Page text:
Thursday, January 17, 2008

Yon Cassius Has a Lean and Hungry Look ...

Generally, once a week, I take a break from food. Works out to be about thirty-six hours without eating. Nothing spectacular, and I'm not a fanatic about it; I drink a couple-three cups of black coffee in the morning; lots of water during the day; and now and then, I'll even have a glass of wine in the evening. (Often a breath mint, though that is for the benefit of others -- fasting tends to give one bad breath, though not so much in the first day or so.)

Vitamins and minerals, I allow, but nothing with any degree of calories from food.

If my fast day happens to fall on Thanksgiving or when we are going somewhere for dinner, then I skip it until next week. Usually, I try and do it on silat class days, the theory being that lean and mean makes for sharper uptake and movement.

I've been doing this for about twenty-five years, and I feel that there are great benefits.
The scientific evidence is not in on the assorted forms of fasting, but speaking from my small and personal experiences, I feel better. I may not be any healthier, but I also feel healthier.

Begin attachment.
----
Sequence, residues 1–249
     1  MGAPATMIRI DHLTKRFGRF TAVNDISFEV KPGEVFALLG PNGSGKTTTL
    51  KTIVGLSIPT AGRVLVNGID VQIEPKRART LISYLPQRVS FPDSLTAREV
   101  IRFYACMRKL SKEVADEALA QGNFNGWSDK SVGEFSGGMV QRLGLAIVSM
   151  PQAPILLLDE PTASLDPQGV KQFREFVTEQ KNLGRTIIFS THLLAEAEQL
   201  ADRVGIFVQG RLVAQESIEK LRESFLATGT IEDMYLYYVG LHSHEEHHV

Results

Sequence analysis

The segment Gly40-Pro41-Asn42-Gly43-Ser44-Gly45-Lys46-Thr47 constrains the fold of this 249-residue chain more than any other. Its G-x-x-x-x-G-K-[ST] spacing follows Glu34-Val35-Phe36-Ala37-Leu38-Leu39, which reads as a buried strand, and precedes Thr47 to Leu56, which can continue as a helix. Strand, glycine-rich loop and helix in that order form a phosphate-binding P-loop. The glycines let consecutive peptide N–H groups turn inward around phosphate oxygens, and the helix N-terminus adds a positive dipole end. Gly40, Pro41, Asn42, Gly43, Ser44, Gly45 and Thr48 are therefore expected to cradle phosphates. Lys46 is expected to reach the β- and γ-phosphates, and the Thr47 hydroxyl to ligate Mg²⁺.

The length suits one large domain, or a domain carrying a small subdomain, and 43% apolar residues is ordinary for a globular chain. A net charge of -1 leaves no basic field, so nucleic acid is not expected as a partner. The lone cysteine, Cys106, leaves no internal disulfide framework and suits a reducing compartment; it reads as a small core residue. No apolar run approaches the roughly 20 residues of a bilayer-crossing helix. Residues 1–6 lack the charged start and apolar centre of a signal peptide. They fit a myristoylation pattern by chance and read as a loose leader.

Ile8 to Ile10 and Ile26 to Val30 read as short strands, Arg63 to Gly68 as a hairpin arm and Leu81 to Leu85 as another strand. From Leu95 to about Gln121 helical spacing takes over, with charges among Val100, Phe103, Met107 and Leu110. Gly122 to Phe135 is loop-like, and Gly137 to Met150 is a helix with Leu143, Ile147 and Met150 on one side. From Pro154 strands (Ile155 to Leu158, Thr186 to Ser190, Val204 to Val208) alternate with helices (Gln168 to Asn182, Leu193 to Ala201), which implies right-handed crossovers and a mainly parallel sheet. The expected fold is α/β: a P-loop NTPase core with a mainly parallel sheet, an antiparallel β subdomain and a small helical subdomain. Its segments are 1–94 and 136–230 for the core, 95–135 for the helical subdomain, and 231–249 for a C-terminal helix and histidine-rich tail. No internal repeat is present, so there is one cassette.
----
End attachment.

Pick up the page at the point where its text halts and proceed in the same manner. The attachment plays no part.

On the morning after a fast, I have noticed that my sense of smell seems to be much more acute, and that I tend to wake up sooner than usual, and more alertly, too.

Good to know that if I have to go a day or two without eating, I can function pretty well.

For me, it is, more than anything, an exercise in discipline rather than in dieting, but my clothing sizes and weight have held pretty steady for a couple decades and some, so it's likely of some use there.

The only real drawback is in the winter. I feel the cold much more on days when I don't eat. If on Tuesday, talking a walk when it's chilly, if I feel comfortable in shirtsleeves, then on Wednesday, if I fast and if the temperature is the same, I need a jacket, and almost surely, gloves. My hands, having relative poor circulation, cool off in a hurry.

This is to be expected; if there ain't any wood in the stove, you don't get a lot of heat. Your metabolic system tries to tell you, Hey, eat something!

It is interesting, how subjective such things as the cold can be, and it makes you realize that there are people who suffer in the cold or heat and whose thermostats don't match your own.

Food -- or not -- for thought ...


Mark Jones said...

I've been intermittently fasting (intermittently...heh) for a while now, since reading about it on Barnes' blog. I fast M-W-F but eat on the weekends at my wife's request, so if she wants to go out to dinner we don't have to worry about whether I'm eating that day or not.

I've also noticed that I seem more sensitive to cold on fast days too, noticeably more so than I otherwise tend to be. It's not something I ever thought much about before.

Ed said...

Do you find it affects your moods much-good or bad?

Steve Perry said...

Generally, on a short fast -- two days or less -- I don't see much change, mood-wise. I do notice a sensory sharpening -- smell particularly seems to be more accute, and I tend to wake up earlier and more alert the second morning.